First, realize the "normal" way of viewing by standing
out in nature in a location that has a distinct background
like a hill or mountain. In between the viewer and the
background should be a tree or another slim but tall
object. Now, shift your head parallel to the tree/background
lineup without turning your eyes. The shape of the tree
should move as a distinct, separate picture over the
background of the mountain.
This exercise brings about the awareness of 2D viewing
and can already turn on 3D viewing in some instances.
Look out at some large buildings, distant roads, or
other object that extend away from your current viewpoint.
Notice the exact angles that perspective viewing is
forming. One should be aware of as many angles as possible
at the same time. The picture may suddenly develop a
depth without the viewer's intention. For the purposes
of this exercise, the awareness of the angles in the
picture should be maintained, however, regardless of
other things turning on. This is 2 1/2 D awareness and
it may also turn on holographic views.
The sole purpose of this exercise is to turn on holographic
(3D) viewing. In the course of this exercise, the viewer
may be exteriorizing from his or her body, sometimes with
full perceptions. An exteriorized view with full perceptions
obviously becomes the perfect "Remote Viewing" experience
when the current viewpoint is shifted away from the body
of the viewer. This is yet a different way of Remote Sensing.
Take a small to medium sized box, such as a shoe carton or a
wooden cigar box, and put it up at a yard or two away from
the eyes. One should be able to clearly see down to the bottom
of the box. Now, try to see ONLY the two edges of the box
that are the furthest apart. In a sense, this is an
exercise in "multiple viewpoints": the viewer concentrates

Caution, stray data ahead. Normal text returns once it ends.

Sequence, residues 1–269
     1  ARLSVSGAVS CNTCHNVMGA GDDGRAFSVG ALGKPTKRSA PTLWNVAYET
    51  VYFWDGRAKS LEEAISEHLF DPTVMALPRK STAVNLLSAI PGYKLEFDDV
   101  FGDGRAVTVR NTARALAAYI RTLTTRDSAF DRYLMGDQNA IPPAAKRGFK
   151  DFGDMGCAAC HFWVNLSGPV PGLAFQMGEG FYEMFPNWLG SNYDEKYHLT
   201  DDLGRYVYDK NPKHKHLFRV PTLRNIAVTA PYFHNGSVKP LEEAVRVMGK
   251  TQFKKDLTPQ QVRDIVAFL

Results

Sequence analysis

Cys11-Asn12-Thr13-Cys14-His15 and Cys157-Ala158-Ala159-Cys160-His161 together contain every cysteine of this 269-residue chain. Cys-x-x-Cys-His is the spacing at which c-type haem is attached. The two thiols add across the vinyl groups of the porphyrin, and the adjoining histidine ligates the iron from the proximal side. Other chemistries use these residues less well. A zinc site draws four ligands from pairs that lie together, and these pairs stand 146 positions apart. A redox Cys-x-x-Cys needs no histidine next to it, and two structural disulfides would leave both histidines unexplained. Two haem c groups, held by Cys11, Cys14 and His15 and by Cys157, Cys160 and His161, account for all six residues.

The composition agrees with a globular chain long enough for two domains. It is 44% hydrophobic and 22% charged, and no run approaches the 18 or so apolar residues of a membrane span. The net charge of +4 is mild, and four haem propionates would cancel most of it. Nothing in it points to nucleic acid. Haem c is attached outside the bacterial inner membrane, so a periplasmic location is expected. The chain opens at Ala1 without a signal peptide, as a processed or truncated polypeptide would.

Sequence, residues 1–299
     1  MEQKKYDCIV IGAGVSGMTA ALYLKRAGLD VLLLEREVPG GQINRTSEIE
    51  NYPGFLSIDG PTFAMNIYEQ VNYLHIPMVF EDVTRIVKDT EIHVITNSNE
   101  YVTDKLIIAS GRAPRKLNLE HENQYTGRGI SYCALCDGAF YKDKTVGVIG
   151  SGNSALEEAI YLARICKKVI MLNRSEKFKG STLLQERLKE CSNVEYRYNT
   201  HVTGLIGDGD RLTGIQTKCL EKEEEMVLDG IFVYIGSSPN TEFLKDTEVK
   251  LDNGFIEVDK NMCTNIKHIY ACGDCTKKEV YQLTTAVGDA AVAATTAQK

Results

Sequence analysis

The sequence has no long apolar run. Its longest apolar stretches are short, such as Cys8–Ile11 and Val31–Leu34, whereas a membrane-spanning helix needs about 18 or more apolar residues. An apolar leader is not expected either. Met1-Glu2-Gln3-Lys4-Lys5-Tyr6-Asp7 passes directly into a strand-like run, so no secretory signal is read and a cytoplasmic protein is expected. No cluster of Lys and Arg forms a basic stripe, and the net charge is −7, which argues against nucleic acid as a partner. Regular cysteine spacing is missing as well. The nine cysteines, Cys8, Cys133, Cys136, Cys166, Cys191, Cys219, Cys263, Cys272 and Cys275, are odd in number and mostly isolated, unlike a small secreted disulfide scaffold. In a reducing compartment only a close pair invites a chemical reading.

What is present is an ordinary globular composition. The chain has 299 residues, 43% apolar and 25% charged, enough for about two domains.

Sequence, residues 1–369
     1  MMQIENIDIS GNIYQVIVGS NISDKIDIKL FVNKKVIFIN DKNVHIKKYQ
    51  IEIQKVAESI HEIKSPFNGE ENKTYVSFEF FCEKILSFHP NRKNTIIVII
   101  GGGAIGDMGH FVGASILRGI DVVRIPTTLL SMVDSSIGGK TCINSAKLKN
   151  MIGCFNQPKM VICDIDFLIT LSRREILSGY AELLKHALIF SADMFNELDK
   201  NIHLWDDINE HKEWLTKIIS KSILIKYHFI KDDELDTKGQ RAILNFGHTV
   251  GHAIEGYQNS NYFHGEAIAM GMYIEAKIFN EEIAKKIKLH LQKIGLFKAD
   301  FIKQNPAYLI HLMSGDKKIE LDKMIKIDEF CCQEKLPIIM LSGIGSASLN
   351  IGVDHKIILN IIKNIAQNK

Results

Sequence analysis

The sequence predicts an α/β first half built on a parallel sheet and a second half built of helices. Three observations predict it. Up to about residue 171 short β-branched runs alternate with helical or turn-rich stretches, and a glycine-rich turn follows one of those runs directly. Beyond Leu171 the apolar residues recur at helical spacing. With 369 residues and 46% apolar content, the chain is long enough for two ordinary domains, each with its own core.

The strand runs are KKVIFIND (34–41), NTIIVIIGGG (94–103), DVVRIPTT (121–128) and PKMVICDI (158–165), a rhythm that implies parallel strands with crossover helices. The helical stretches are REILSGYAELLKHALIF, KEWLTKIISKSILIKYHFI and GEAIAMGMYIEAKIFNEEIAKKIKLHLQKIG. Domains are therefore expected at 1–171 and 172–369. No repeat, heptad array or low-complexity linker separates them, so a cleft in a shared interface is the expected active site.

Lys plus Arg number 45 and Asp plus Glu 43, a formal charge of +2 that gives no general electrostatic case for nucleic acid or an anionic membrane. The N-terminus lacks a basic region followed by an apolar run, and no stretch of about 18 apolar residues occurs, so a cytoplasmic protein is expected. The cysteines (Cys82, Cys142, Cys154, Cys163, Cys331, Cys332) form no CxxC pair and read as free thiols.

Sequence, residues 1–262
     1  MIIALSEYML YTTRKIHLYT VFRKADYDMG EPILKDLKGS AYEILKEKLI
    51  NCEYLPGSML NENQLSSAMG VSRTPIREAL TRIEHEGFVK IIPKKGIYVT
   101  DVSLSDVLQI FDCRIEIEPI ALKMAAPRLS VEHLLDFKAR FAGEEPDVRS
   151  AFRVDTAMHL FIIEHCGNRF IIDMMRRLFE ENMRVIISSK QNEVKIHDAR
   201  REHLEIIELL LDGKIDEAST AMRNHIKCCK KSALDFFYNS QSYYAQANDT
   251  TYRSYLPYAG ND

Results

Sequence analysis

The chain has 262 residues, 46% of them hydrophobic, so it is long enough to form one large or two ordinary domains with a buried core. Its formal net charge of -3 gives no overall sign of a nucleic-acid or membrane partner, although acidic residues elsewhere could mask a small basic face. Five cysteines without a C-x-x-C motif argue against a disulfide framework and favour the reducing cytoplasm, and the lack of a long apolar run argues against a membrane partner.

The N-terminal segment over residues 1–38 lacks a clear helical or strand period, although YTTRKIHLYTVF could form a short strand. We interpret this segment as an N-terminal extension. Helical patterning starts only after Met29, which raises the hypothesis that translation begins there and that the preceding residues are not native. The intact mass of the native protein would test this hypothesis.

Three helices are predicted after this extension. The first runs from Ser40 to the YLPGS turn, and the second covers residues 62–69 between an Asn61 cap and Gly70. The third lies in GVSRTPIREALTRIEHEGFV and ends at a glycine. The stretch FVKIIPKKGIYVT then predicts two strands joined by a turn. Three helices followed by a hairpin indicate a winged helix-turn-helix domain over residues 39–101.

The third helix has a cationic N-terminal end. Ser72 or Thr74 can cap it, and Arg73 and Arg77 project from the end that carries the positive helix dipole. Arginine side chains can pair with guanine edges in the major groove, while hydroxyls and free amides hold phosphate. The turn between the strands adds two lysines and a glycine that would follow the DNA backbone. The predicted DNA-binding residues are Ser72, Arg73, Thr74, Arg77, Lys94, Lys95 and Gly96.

on two different objects concurrently.
As soon as holographic viewing turns on, the viewer usually
abandons the multiple viewpoint of the two edges. After a
while, the holographic view will disappear, too. The purpose
of the exercise is to KNOW the feeling of holographic viewing
and how to turn it on at will at any time in the future.
The size of the box is convenient for startup purposes
only. The top edges of the room one is currently in can
be used, too, of course. Anything that provides an "empty space"
in between borders does the trick. The actual sensation
of 3D viewing cannot be easily described, and I won't
even try. Seeing is believing!
Now, this is all nice and exciting, but why would 3D
viewing throw off a Remote Viewer?
In Holographic Viewing, domains of perceptions can overlap.
One could literally see Beings without a current body
(traditionally called "ghosts") on the background of
the "real" landscape that is to be investigated. And it can
become difficult to separate the domains of perceptions
It was mentioned that explorations during Remote Viewings
session can turn on the 3D viewing mode.
Here is an example how this could happen:
Viewzone's recent Remote Viewing Challenge put